To mitigate the effect of complications associated with protracted invasive ventilation, investigators have explored the role of non-invasive ventilation in weaning patients from invasive ventilation. Non-invasive weaning involves extubating patients directly to non-invasive ventilation for the purpose of weaning to reduce the duration of invasive ventilation and, consequently, complications related to intubation. Since Udwadia and colleagues published the first report describing use of non-invasive ventilation to facilitate liberation of patients with weaning failure from invasive ventilation in 1992,11 several uncontrolled, prospective studies,12 13 14 15 early randomised controlled trials,w1-w5 and an early meta-analysis16 have examined its use to facilitate weaning. That meta-analysis showed significant benefit of the non-invasive approach on length of stay in hospital and the total duration of ventilation. Non-invasive weaning also reduced mortality and ventilator associated pneumonia compared with invasive weaning, however there were few events.
In light of new evidence we critically appraised, summarised, and updated current work on the effect of non-invasive weaning compared with invasive weaning on the primary outcome of mortality and secondary outcomes including ventilator associated pneumonia, length of stay in intensive care and in hospital, and duration of ventilator support in critically ill mechanically ventilated adults.
Data sources and searches
We updated a previously conducted search of Medline (January 1966-April 2008), Embase (January 1980-April 2008), and the Cochrane Central Register of Controlled Trials (Cochrane Library, Issue 2, 2008) without language restrictions. Details of the search strategy and terms are available from the authors. Two reviewers (KEAB, NKJA) screened citation titles and abstracts independently. All potentially eligible studies were retrieved in full and translated into English, as required. One reviewer (SPK) updated manual searches of abstracts from intensive care conference proceedings published in the American Journal of Respiratory and Critical Care Medicine, Intensive Care Medicine, Critical Care Medicine, and Chest from January 2003 to April 2008. We reviewed bibliographies of all retrieved articles to identify potentially relevant trials and contacted authors of included studies to identify unpublished studies and obtain additional information regarding study methods, where needed.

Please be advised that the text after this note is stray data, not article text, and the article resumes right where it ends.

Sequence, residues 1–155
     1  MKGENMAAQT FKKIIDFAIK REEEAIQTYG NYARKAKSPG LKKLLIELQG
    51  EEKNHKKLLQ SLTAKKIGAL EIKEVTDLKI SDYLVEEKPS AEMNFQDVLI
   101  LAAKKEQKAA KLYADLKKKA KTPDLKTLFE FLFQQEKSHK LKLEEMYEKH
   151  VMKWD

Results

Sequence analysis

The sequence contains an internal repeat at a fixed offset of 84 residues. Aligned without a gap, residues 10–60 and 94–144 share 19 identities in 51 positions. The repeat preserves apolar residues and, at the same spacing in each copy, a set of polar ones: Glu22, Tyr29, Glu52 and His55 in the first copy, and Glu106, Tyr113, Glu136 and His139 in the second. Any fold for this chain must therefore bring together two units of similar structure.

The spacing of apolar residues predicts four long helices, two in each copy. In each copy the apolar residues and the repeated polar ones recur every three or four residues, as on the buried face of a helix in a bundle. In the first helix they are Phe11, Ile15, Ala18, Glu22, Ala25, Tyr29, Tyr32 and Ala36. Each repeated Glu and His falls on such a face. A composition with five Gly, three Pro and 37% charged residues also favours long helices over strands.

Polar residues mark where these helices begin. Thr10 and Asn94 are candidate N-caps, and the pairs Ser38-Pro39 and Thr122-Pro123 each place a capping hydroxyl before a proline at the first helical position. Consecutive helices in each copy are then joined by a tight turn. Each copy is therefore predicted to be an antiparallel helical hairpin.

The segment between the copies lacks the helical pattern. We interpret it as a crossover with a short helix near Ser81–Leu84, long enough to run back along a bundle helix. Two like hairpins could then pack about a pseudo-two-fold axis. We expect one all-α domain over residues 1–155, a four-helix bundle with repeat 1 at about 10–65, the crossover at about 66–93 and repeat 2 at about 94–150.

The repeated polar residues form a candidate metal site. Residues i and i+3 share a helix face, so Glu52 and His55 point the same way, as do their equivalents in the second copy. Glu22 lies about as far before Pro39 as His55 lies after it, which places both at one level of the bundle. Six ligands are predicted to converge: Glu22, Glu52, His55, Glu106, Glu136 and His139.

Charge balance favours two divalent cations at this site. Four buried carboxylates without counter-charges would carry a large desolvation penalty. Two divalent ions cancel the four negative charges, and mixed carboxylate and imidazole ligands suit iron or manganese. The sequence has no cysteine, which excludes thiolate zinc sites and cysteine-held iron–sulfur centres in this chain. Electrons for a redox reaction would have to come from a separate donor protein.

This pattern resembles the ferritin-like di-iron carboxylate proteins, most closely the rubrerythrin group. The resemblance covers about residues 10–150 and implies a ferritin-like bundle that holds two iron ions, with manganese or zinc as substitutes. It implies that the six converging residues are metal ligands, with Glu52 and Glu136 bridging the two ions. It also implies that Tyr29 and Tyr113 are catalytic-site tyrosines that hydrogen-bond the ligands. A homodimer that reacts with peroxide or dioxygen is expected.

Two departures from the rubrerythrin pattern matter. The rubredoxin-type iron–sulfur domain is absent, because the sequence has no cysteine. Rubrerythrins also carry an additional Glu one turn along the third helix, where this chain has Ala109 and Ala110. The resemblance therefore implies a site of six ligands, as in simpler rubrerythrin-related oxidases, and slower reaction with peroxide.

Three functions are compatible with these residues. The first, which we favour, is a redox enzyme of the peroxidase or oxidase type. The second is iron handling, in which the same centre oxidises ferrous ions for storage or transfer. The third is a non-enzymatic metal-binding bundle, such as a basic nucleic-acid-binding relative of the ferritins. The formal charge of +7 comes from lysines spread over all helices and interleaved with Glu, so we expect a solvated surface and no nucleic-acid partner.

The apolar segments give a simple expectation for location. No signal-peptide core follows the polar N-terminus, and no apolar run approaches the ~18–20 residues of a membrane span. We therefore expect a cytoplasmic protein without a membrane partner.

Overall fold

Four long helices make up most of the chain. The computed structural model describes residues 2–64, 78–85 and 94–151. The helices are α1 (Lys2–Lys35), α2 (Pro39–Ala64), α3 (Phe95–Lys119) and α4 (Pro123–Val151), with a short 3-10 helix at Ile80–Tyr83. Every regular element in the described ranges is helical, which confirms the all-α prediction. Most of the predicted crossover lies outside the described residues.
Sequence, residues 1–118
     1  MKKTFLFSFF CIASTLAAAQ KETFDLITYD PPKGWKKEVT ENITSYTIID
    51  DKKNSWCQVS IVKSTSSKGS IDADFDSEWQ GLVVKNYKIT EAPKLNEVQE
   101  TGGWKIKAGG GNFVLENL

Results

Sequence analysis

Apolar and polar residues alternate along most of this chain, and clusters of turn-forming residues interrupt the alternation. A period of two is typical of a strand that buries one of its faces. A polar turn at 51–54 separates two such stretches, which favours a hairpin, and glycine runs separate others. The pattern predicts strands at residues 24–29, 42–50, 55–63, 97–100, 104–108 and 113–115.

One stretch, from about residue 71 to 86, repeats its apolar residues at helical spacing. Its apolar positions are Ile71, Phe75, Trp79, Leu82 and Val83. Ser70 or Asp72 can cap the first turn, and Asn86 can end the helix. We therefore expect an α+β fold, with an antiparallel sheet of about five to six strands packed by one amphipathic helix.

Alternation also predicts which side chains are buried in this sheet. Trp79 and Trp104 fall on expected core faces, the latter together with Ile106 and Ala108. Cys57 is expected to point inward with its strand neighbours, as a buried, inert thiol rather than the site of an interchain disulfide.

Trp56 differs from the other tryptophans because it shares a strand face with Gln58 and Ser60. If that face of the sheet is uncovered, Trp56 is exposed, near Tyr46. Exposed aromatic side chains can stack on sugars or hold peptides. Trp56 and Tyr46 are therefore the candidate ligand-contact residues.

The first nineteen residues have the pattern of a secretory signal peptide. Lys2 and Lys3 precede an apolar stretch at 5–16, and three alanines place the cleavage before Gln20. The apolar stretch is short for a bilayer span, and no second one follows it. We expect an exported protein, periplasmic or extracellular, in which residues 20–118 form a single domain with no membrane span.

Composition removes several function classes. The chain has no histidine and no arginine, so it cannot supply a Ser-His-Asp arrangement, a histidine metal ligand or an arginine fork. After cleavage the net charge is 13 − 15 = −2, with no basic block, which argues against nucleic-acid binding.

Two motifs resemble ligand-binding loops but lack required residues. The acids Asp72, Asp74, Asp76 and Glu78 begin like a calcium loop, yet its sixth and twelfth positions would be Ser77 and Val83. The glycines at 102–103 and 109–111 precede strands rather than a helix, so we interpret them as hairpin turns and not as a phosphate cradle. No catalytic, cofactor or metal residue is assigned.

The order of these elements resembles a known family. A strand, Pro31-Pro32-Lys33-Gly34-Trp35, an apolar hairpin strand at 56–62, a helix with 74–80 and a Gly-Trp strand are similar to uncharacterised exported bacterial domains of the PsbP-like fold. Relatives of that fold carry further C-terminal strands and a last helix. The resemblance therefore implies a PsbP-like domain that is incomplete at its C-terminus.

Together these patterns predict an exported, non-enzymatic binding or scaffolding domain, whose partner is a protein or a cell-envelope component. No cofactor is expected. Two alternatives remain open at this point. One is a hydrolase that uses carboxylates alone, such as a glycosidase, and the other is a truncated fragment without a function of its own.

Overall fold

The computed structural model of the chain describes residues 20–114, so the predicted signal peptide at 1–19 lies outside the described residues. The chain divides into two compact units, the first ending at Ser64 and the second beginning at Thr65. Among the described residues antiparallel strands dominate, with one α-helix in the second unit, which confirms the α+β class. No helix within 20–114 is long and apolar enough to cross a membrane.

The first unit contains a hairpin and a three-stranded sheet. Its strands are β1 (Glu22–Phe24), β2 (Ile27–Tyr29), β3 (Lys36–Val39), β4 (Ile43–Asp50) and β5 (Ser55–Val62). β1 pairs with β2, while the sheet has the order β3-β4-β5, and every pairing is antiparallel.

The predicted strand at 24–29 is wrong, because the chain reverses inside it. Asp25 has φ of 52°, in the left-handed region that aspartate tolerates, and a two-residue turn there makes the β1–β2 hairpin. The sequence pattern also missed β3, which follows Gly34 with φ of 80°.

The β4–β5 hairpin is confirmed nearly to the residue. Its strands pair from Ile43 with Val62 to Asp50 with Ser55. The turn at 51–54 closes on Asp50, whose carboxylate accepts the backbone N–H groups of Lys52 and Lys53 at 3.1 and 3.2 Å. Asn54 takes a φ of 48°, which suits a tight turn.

We included randomised trials that enrolled adults with respiratory failure who required invasive mechanical ventilation for at least 24 hours. The trials examined extubation with immediate application of non-invasive ventilation compared with continued invasive weaning. We included trials reporting at least one of mortality (primary outcome), ventilator associated pneumonia, weaning failure (using authors’ definitions), length of stay in intensive care or hospital, total duration of ventilation (invasive and non-invasive), duration of ventilation related to weaning (after randomisation), duration of invasive ventilation, adverse events, or quality of life. We also included quasi-randomised controlled trials—for example, those that allocated patients by hospital registry number or day of the week. We excluded studies that compared non-invasive with invasive weaning in the immediate postoperative setting, compared non-invasive ventilation with unassisted oxygen supplementation, and investigated use of non-invasive ventilation after unplanned extubation. Two authors (KEAB, NKJA) independently selected articles meeting the inclusion criteria.
Data extraction and quality assessment
Two authors (KEAB, NKJA), not blinded to the source of the reports, used a standardised data abstraction form to independently abstract data regarding study methods (randomisation, allocation concealment, cointerventions, blinded outcome assessment, completeness of follow-up, and adherence to the intention to treat principle). Additionally, we assessed features unique to the design and implementation of weaning trials, including use of daily screening to identify weaning candidates, criteria to identify weaning readiness, explicit weaning protocols (both groups), criteria for discontinuing mechanical ventilation (both groups), and reintubation. Disagreements regarding study selection and data abstraction were resolved by consensus and arbitration with a third author (SPK or MM).
Data synthesis and statistical analysis
When there were no compelling differences in study populations, interventions, and outcomes we pooled data across studies using random effects models.17 We derived summary estimates of relative risk and weighted mean difference with 95% confidence intervals for binary and continuous outcomes, respectively, using Review Manager 4.2.10 software (Cochrane Collaboration, Oxford). If an outcome was reported at two different time points, we included the more protracted measure in pooled analyses.